Canada Health Infoway is investing $10.4 million in a project that will connect eight southwestern Ontario hospitals to a digital imaging network that allows doctors to view X-rays and ultrasounds on a computer screen by year-end.
District Memorial Hospital (TDMH) is the first of six community hospitals to link with London’s teaching hospitals, London Health Sciences Centre (LHSC) and St. Joseph’s Health Care London (SJHC). The other five hospitals that make up the eight Thames Valley Hospital Planning Partnership Hospitals (TVHPP) include Alexandra Hospital in Ingersoll, Four Counties Health Services in Newbury, St. Thomas-Elgin General Hospital, Strathroy-Middlesex General Hospital (which Monday started its rollout), and Woodstock General Hospital.
One of the biggest benefits of the implementation is the reduction of patient wait times for their results from days to hours, and in emergencies, minutes. Tillsonburg, for example, doesn’t have a radiologist permanently on site, which, in the film-based system, sometimes meant long turnaround times for patients.
“In the old system the patient would have had to wait until Monday afternoon for the radiologist to come back,” said Diane Beattie, chief information officer for LHSC and SJHC. “In this system, reads are done within an hour. Instead of the patient having to stay in the hospital, the patient was able to go home.”
Other benefits include increased productivity on the human resources side, said Infoway group director of investment programs management, Kurtis Bishop.
“Both the radiologists and the technologists will experience a significant gain in productivity from a digital environment,” said Bishop. “Some of that comes from reduced travel to these community hospitals and when they’re doing on call at night they can access the images from home.”
The Southwest Ontario Digital Imaging Network project, which began in Feburary 2004, is one of two pilot projects of this kind in Canada funded by Infoway. The other is with the Fraser Health Authority in B.C. Infoway’s mandate is to create a nationwide electronic health care record (EHR) by 2009.
Agreement among hospitals is one of the biggest challenges for a project of this kind, said Bishop.
“Each of these hospitals is a separate legal entity,” said Bishop. “We need agreement from the boards of directors, CEOs, directors and so on in order to proceed.”
After that, building out a network to support digital medical images is another large chunk of the project, Bishop added. At that end, TVHPP upgraded the capacity of its network at its community sites from 10 Mbps to 100 Mbps, according to John Lawson, operations manager at London, Ont.-based Largnet, which is one of several vendors involved in the project. Other vendors include Hewlett-Packard Co. and General Electric Health Care.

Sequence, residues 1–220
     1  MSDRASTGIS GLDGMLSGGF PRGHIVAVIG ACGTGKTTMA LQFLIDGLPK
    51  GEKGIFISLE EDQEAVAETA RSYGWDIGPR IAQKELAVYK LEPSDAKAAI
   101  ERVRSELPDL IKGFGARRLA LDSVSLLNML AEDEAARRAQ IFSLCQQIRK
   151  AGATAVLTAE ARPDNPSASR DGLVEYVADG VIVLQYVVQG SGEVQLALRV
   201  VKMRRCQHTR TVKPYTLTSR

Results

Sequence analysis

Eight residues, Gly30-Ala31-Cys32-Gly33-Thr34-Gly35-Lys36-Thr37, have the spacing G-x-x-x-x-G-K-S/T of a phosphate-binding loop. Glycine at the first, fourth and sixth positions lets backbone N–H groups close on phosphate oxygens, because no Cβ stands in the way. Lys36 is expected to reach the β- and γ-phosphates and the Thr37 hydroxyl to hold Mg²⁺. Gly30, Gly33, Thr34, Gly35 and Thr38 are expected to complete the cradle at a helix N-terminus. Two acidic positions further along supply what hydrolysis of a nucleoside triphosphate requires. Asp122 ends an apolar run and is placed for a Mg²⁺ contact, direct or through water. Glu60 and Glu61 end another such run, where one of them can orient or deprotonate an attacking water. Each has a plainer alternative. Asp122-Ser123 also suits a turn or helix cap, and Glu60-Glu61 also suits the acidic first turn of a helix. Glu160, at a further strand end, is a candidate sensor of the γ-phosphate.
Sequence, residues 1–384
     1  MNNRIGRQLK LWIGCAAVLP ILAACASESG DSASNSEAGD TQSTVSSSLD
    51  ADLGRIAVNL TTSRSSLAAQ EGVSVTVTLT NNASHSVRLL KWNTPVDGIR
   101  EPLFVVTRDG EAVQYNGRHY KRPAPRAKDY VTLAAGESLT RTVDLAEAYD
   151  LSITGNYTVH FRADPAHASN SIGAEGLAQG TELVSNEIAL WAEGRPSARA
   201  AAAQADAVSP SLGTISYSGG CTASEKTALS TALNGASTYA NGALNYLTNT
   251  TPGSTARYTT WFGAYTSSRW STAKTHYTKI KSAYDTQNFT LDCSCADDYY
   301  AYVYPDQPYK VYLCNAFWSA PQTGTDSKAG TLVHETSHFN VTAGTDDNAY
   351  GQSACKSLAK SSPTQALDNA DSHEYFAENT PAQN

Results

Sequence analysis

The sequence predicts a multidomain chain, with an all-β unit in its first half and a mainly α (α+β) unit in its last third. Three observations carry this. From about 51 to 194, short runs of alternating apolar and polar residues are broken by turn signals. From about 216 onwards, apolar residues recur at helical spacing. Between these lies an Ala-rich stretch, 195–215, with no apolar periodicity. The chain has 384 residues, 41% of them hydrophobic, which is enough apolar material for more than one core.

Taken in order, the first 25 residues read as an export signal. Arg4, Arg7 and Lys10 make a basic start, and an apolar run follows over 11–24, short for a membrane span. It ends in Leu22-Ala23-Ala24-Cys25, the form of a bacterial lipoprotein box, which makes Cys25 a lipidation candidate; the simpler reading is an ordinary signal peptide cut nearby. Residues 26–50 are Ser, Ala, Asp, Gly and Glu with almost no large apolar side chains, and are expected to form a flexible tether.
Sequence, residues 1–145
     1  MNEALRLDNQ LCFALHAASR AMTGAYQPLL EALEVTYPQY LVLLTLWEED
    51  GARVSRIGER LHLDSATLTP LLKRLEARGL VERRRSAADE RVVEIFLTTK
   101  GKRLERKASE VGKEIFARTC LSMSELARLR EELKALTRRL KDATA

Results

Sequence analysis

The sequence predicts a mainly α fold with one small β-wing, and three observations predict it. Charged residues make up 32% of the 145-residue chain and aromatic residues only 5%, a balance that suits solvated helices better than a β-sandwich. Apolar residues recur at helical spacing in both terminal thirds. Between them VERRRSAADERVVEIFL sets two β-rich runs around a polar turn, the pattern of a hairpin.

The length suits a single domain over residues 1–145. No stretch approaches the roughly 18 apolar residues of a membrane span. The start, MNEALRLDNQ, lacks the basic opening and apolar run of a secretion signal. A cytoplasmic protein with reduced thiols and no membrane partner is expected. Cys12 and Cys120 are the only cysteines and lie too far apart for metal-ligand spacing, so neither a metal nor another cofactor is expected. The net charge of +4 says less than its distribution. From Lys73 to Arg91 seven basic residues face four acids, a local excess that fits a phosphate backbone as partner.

“The community sites didn’t have as much bandwidth as the London sites because they weren’t pushing as much information back and forth,” said Beattie.
Largnet, which was originally funded through the Ontario Network Infrastructure Program (ONIP) in 1993, works with Internet service providers (ISP) such as Bell and Rogers to provide Internet and intranet connections to companies in and around the London region. The not-for-profit organization has run a wide area network (WAN) connection to the six community hospitals connecting back to the two London hospitals for four years.
“We had to increase capacity of the WAN connection so we built a lot more resiliency into the network,” said Lawson. “We put security practices in place for encrypting traffic.”
In addition to network upgrades to support large file sizes generated by bandwidth-hungry imaging applications like PACS and RIS, Bishop said the hospitals also need a reliable data centre environment and master patient index that allows clinicians to identify all patients across each of the eight hospitals.
The digital imaging project is only one of the pieces in the TVHPP’s plan to create an electronic system. Beattie said the health-care organization is also working on lab, registration and clinical systems that it expects to complete over the next two years.